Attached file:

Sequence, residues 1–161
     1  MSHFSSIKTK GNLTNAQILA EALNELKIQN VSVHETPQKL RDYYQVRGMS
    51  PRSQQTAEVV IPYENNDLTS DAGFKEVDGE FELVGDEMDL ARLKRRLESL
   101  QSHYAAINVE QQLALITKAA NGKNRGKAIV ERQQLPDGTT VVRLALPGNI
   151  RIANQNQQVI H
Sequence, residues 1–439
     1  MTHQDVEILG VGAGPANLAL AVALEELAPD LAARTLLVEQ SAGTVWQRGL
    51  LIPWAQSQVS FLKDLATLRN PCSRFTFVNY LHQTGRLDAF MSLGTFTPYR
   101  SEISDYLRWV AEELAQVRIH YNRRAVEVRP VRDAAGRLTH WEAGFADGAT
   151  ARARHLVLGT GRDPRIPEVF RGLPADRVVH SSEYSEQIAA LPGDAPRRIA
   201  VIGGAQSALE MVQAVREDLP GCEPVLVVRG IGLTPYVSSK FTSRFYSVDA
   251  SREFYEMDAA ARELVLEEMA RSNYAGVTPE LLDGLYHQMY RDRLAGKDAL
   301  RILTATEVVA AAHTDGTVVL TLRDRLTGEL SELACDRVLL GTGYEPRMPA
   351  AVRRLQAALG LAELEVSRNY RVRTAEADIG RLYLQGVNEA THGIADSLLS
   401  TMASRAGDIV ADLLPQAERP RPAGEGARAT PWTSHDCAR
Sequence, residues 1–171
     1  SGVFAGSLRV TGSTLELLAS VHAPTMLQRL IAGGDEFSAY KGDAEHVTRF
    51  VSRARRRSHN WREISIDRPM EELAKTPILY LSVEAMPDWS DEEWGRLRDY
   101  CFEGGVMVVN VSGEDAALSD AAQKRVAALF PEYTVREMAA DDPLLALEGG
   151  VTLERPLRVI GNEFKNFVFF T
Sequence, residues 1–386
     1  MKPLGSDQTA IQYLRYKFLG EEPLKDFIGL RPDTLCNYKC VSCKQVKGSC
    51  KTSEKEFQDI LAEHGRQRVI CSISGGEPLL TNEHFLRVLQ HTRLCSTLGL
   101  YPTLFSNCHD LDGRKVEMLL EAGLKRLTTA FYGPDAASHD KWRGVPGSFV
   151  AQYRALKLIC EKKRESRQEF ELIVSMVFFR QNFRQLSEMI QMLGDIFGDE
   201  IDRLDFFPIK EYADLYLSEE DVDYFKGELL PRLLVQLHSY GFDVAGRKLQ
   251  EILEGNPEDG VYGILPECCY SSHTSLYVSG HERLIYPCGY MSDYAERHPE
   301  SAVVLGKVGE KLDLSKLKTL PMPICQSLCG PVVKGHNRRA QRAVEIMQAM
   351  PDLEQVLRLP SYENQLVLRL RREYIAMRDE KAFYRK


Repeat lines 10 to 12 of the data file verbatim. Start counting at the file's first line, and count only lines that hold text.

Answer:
   151  ARARHLVLGT GRDPRIPEVF RGLPADRVVH SSEYSEQIAA LPGDAPRRIA
   201  VIGGAQSALE MVQAVREDLP GCEPVLVVRG IGLTPYVSSK FTSRFYSVDA
   251  SREFYEMDAA ARELVLEEMA RSNYAGVTPE LLDGLYHQMY RDRLAGKDAL